Is the New Name for ME/CFS Appropriate?

There is currently no universally effective treatment for ME, which makes finding a cure for this condition all the more challenging. Instead, doctors focus on addressing the symptoms and improving functioning in some patients. Different approaches are used by different countries, and ME is still not a well-understood disease. In addition to the lingering lack of an accurate diagnosis, ME patients have lower health-related quality of life scores than people with other chronic illnesses. Furthermore, about 25% of all ME patients are housebound.

A US Institute of Medicine report published in 2002 recommended a new name for ME and CFS, as well as a new clinical definition for SEID. While the recommendations were generally welcomed by medical journals, a recent academic study published by Sheffield Hallam University found that more than half the UK public did not accept the new name. The CDC website also contains information on where to seek help if your symptoms do not appear 50% of the time. But before we can determine whether the new name for ME/CFS is appropriate, it is crucial to understand its origin.

ME is also known as chronic fatigue syndrome (CFS) and has symptoms affecting various body systems. According to WHO, a majority of patients develop the illness following an infection. A recent study showed that approximately 15% of people who have a serious infection are affected by ME. The disorder is estimated to affect between 15 and 30 million people worldwide, and the prevalence is increasing worldwide. ME affects people from all walks of life and all socioeconomic groups. In fact, it is not known what causes ME, but the disorder is a common complication of infection.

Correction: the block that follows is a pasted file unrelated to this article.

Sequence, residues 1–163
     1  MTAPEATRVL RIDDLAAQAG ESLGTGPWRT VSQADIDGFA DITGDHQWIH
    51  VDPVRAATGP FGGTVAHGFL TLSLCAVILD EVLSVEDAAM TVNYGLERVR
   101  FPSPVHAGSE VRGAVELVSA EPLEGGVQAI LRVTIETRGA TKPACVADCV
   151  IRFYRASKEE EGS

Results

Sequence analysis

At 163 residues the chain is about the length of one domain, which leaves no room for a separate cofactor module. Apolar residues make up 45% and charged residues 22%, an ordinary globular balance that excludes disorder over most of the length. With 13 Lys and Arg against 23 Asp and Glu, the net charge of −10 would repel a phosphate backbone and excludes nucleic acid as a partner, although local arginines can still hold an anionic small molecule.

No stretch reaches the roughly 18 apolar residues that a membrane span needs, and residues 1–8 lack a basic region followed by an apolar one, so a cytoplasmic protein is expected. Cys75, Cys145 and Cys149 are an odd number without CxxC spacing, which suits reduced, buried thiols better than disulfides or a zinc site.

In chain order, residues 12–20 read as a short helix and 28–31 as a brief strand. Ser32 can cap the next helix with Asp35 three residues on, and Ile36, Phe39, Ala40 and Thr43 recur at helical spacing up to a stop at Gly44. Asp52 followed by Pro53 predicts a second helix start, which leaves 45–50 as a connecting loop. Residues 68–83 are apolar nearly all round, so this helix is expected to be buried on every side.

A number of epidemiologic studies have attempted to determine the prevalence of ME/CFS. While the rate varies widely based on the population studied, and the criteria used to diagnose the disease, the estimated prevalence is about two to four cases per 1,000 adults. That means that if you have 10,000 patients and one is diagnosed with ME/CFS, you could expect to find 40 cases in that particular practice. Therefore, this disease is far more common in adults than in children, but the incidence rates in children are much lower.

The cause of ME/CFS remains a mystery, but studies show that a virus, a certain type of stress, or genetics may be involved. Infections like the Epstein-Barr virus and Q fever are often a trigger for ME/CFS. Interestingly, some patients begin with one level of disability and then move to another – a condition known as “fluctuating illness” – although this is extremely rare.